What quality did Pele and Diego Maradona have that Lionel Messi lacks?

Lionel Messi has now been a senior international player for over a decade; his Argentina debut came against Hungary on August 17th 2005.

It is not an occasion that he can look back upon with a great deal of pleasure.  Just turned 18, he was unleashed as a second half substitute.  He was straight into the action, but after only two minutes he launched himself on one of those characteristic runs, ball tied to his left foot.  An opponent held on to him, dragging him back.  Messi fought to free himself and was absurdly sent off for throwing an elbow.

Dragging Messi back in recent times has been his lack of a senior international title.  He could hardly have come closer, carrying Argentina to narrow defeat in last year’s World Cup final, and then losing out to Chile in a shoot out in the final of this year’s Copa America.  46 goals in 103 caps is a magnificent record, with 29 of them coming in the last 40 games, when he has been the captain.  But the lack of silverware with his country is always brought up in every discussion about his place in the all time pantheon.

The great Tostao, Brazil’s 1970 World Cup centre forward, is in no doubt that his attacking partner Pele was the best ever.  He concedes that Messi is better at setting up the play.  But he believes that Messi “lacks the personal transformation, the fury that Pele and other superstars had in big games and in the greatest difficulties.  Pele was like a cornered animal, uptight when he was unable to do what he liked and what he wanted.  He would try other solutions.”

It is an interesting psychological analysis.  Messi is clearly a quieter, less demonstrative figure than Pele or Diego Maradona.  “He is not self-sufficient,” continues Tostao, “he does not have the absolute lack of modesty which [renowned Brazilian writer] Nelson Rodrigues used to say was Pele’s greatest quality.”

Messi, then, is a player for whom the collective context is all important.  This, in essence, is Tostao’s argument.  He cites a moment in the Copa America final, in the last minute of normal time, when Messi at last managed to turn and slip his markers before launching a run that took him to the edge of the area – where he slipped a pass to Ezequiel Lavezzi on the left.  Lavezzi squared, but Gonzalo Higuain arrived at the far post a fraction of a second too late to steer the ball home.  Tostao calls Messi’s choice of move “correct,” but says that “the other option, to try and complete the move on his own, is what he should have done.  Messi plays with Argentina as he does for Barcelona,” he continues.  “A virtue in his club side, choosing the moment to go for the solo move, is a defect with his country, because it makes him trust too much in the collective game.”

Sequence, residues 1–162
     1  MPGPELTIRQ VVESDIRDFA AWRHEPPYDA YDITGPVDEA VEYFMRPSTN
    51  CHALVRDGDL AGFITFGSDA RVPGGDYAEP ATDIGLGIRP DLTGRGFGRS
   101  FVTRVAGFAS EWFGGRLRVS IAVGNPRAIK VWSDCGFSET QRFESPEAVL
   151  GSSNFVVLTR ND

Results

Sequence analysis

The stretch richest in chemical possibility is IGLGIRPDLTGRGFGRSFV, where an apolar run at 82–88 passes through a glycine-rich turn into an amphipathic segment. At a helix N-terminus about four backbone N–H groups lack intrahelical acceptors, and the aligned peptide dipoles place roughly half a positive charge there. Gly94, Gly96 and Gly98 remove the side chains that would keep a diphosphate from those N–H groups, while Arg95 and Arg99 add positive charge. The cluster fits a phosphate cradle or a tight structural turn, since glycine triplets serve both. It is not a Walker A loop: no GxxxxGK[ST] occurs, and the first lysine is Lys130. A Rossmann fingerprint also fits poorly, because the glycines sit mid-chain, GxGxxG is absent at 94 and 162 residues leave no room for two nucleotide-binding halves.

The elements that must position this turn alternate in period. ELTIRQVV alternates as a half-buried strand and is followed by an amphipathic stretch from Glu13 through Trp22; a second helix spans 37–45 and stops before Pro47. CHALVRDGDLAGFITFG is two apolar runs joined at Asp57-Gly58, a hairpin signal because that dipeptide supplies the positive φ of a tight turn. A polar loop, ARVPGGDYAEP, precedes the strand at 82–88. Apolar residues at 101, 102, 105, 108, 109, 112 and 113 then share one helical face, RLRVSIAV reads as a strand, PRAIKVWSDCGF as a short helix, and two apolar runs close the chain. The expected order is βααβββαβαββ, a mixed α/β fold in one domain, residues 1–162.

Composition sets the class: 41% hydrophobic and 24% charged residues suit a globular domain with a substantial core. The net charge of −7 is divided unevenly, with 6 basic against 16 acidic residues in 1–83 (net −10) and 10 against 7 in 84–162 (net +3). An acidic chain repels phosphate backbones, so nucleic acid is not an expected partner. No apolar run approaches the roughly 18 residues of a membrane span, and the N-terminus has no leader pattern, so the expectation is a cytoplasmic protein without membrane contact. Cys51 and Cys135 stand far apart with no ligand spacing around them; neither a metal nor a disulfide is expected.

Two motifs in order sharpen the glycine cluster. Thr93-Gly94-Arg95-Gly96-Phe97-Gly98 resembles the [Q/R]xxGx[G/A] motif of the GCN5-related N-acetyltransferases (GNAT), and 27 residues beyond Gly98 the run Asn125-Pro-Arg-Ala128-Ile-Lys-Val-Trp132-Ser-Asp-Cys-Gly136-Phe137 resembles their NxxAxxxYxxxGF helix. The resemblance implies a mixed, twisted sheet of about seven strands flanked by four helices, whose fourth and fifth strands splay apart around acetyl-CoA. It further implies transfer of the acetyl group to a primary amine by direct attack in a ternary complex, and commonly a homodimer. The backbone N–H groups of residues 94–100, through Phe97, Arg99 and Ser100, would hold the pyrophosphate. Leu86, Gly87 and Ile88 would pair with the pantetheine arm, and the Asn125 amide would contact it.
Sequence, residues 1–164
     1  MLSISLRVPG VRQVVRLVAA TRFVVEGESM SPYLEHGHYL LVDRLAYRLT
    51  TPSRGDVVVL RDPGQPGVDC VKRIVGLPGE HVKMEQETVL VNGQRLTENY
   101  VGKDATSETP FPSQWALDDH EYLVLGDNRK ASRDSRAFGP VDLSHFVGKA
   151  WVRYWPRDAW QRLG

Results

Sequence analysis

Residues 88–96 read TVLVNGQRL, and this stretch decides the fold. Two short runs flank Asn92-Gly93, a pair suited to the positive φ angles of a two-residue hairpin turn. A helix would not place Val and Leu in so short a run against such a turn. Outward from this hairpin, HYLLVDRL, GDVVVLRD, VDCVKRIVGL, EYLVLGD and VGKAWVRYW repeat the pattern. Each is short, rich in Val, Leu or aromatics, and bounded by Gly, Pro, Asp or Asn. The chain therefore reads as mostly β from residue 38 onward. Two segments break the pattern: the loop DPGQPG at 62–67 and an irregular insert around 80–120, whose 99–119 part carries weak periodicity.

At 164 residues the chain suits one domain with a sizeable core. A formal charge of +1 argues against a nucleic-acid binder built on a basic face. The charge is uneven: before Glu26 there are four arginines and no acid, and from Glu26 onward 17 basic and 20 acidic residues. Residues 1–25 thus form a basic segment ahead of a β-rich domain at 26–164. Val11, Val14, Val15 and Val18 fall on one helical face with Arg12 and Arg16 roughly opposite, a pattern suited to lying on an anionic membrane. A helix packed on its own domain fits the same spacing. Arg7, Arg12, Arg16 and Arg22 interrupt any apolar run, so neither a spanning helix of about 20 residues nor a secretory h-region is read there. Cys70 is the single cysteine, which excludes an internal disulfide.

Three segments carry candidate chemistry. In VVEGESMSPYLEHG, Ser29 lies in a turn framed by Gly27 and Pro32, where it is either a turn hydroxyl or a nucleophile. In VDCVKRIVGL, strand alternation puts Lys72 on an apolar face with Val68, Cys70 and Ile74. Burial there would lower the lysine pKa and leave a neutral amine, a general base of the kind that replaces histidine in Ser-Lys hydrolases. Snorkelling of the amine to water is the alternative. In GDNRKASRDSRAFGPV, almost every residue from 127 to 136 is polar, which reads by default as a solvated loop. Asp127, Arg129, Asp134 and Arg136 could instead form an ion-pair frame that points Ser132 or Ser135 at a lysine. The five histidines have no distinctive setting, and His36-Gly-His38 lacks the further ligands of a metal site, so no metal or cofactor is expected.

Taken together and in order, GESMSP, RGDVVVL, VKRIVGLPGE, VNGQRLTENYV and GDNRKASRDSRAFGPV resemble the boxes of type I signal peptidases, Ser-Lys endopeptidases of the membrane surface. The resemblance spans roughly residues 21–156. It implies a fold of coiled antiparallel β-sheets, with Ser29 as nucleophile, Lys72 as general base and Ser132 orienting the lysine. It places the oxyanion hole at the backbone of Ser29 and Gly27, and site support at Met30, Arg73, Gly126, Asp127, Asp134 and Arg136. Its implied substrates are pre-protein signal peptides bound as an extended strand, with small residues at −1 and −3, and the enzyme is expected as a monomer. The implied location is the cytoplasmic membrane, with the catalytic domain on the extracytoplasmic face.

This is also fascinating, but perhaps a little unfair.  It just so happened that at this moment his attacking partners were Lavvezzi and Higuain.  Angel Di Maria had pulled up injured and Sergio Aguero had been substituted, almost certainly an error.  But a collective context where Messi is partnered by a fit and firing Di Maria and Aguero is not radically different from the one he plays in every week for Barcelona.

There is, though, a substantial difference in the context of the team as a whole.  Tostao may well argue that “Messi plays with Argentina as he does for Barcelona.”  But however rich their attacking resources, it cannot be argued that Barcelona play as Argentina do.  There are fundamental differences – the main one being in the positioning of the defensive line.

Barcelona, of course, are known for pressing to win the ball back as soon as they have lost it, with the back four playing high up the field.  Argentina’s current crop of centre backs lack the pace to do anything similar, and so the line tends to drop much deeper.  This obviously has implications on the way Messi plays.  When Argentina win back possession they are often much further from goal than is the case with Barcelona.  Messi has a much greater area of the pitch to cover – which surely helps explain the end of season burn out he seemed to be suffering during the World Cup and in the final of the Copa America.

  • mark

    I think Messi has done excellently for Argentina over the past few years, certainly his numbers tell that much. However he does have two issues; one being the lack of trophies to show for and the other being fatigue. He always wants to play every game for Barcelona and subbing him off is beyond blasphemy. Meaning in tournaments like the World Cup and the Copa – that normally take place during the summer – ; his genius stills shines through but his stamina is likely to subside by the latter stages of said tournaments; something that has been rather evident in the past two major international events.

    Perhaps being too much of a team player has its hindrances to his overall game as well, but the bigger problems are the ones I cited above in my opinion.

    Ps, great article, as always, Tim; from an avid listener of the World Football Phone-in.